'I was the valedictorian of my high school, but because I didn't have a Social Security number, I couldn't apply for financial aid or scholarships, or go to my preferred colleges. A lot of young people don't realize they're undocumented until they're graduating from High School. It was pretty much the same for me.'  Seen in Jackson Heights.

'I'm here to pass GENDA. We need transgender rights.' Seen in Albany at Equality and Justice Day.

'We need world class educational facilities for all students, regardless of their race, income, or ethnicity.' Seen in the classroom, Brooklyn.

She was bullied in school for being a Black Muslim – for wearing a headscarf, and for her name. She turned that experience into an opportunity to help and advocate for others, and founded her school's Gay-Straight Alliance. Seen at a summit on youth activism near Bryant Park.

'Being a strong, outgoing woman was always something so natural to me, so when I found out that that's not how I am supposed to be… Well, duh, of course I am going to be a feminist!' Seen at the Brooklyn Museum.

'At 3am, I got out of the lab and saw a couple of police officers around my bike. I thought the police were looking out for me, but instead they searched my bike to make sure it was mine. They didn't even believe I have a PhD and worked in the lab.'  Seen in Harlem.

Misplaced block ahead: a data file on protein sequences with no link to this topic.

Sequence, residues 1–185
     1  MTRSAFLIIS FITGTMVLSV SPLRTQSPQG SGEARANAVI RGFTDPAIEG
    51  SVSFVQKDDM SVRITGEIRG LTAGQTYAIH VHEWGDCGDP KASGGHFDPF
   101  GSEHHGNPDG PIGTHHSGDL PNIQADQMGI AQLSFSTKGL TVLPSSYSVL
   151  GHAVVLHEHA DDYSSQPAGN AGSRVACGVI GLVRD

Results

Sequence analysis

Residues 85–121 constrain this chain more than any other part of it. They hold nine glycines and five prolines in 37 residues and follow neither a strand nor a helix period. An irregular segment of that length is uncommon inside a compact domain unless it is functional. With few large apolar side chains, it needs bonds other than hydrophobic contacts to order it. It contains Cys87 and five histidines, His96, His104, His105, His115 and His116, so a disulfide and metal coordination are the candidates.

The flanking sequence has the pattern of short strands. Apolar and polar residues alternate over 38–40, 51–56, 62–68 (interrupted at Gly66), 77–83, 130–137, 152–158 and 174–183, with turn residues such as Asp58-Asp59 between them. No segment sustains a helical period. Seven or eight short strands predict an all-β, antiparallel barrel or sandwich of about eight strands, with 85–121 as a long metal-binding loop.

'LABELS place a lot of pressure on teenagers, especially me. I'm part of the LGBTQ community and feel that society limits teens' individuality by forcing them into categories.'  Seen  in Brooklyn.

'Many students feel that walking into a school flooded with police officers is normal. I see that as oppression.' Seen at a youth summit near Bryant Park.

'I was working for this restaurant, and they stuck me in the back of the house instead of the front of the house because I was a woman. I quit.' Seen in City Hall Park.

'My friend is in a relationship with this chick and is afraid to come out because my parents are mad religious. They will totally skin her, and crucify her, and shit. It's terrible that gay marriage is frowned upon by society, especially by some parents. It's mad controversial to mix religion with gay marriage, but c'mon.' Seen along the D train line.

 

Stay informed

The New York Civil Liberties Union is a state affiliate of the ACLU

Learn more about ACLU National